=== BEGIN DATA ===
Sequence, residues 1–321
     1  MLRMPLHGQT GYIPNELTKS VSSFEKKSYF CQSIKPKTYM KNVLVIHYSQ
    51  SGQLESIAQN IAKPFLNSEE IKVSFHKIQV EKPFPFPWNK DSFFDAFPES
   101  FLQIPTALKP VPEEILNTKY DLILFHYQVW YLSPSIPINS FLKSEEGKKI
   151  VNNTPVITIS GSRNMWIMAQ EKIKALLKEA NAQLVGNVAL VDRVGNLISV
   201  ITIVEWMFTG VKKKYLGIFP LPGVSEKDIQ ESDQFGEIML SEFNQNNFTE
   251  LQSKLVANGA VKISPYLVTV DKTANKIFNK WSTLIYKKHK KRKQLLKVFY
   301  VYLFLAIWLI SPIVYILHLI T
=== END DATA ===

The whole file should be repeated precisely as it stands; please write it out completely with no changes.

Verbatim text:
Sequence, residues 1–321
     1  MLRMPLHGQT GYIPNELTKS VSSFEKKSYF CQSIKPKTYM KNVLVIHYSQ
    51  SGQLESIAQN IAKPFLNSEE IKVSFHKIQV EKPFPFPWNK DSFFDAFPES
   101  FLQIPTALKP VPEEILNTKY DLILFHYQVW YLSPSIPINS FLKSEEGKKI
   151  VNNTPVITIS GSRNMWIMAQ EKIKALLKEA NAQLVGNVAL VDRVGNLISV
   201  ITIVEWMFTG VKKKYLGIFP LPGVSEKDIQ ESDQFGEIML SEFNQNNFTE
   251  LQSKLVANGA VKISPYLVTV DKTANKIFNK WSTLIYKKHK KRKQLLKVFY
   301  VYLFLAIWLI SPIVYILHLI T